I will tip my hat to Naughty Dog for doing what they did with The Last of Us and how it ran on the Playstation 3. There are many things I dislike about this game, from the gameplay to the pacing set at the beginning, but I’m very glad I compelled myself though those parts and saw it to the end. As always in a post-apocalyptic theme, the humans are truly the enemy while the infected, aka zombies, are there to add to the tension and desperation. The Last of Us hits this idea square on the head while also painting a beautiful world for the player to explore. Troy Baker (Joel) and Ashley Johnsons (Ellie) performances kept the characters alive and drove the story home. There were so many moments between the two characters that got me either teary eyed or laughing with joy. The supporting cast of characters also brought in the urgency and showed just how dire everyones situation really was. As I said earlier, the world is beautiful. Naughty Dog went above and beyond with its creation and art. Each room/house/level had a story to tell and I was never bored of the environments I encountered. At times I stopped playing and simply admired with reverence what Naughty Dog were able to accomplish.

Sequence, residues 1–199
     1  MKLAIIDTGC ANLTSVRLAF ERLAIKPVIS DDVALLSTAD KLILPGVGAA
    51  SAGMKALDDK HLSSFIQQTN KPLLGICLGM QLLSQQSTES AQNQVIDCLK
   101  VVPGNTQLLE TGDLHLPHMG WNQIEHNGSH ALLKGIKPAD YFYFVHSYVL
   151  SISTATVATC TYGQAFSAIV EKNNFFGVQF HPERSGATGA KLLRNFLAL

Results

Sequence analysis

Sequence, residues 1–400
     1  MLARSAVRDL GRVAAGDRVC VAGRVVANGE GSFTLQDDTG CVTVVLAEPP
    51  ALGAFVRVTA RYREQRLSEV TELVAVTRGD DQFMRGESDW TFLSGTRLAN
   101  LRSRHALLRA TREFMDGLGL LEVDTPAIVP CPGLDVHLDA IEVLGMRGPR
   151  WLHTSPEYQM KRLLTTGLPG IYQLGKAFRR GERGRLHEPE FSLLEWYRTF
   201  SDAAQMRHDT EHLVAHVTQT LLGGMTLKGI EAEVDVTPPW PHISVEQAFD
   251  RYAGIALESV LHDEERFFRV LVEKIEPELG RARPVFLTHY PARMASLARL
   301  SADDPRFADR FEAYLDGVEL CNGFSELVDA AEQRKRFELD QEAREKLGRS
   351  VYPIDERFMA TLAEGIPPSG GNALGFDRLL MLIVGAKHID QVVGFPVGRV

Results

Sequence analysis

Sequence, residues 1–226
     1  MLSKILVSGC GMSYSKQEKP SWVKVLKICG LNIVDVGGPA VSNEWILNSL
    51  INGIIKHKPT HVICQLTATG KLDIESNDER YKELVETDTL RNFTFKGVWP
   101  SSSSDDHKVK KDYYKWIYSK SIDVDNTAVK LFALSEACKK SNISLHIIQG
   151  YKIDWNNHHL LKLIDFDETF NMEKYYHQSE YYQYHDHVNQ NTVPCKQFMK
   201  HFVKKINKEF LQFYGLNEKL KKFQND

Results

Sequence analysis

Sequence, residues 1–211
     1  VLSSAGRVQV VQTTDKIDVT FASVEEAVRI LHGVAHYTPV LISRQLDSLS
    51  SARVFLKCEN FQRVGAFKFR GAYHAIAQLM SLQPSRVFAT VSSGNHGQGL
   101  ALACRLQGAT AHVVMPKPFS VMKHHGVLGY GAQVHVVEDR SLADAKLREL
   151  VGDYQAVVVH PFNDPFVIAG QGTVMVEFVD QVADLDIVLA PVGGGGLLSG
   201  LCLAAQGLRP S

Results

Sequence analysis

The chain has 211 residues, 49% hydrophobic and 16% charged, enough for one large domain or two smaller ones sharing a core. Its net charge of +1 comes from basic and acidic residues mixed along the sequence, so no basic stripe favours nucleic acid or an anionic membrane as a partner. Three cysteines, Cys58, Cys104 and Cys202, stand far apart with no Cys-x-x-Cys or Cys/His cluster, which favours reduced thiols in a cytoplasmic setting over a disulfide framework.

3. Gone Home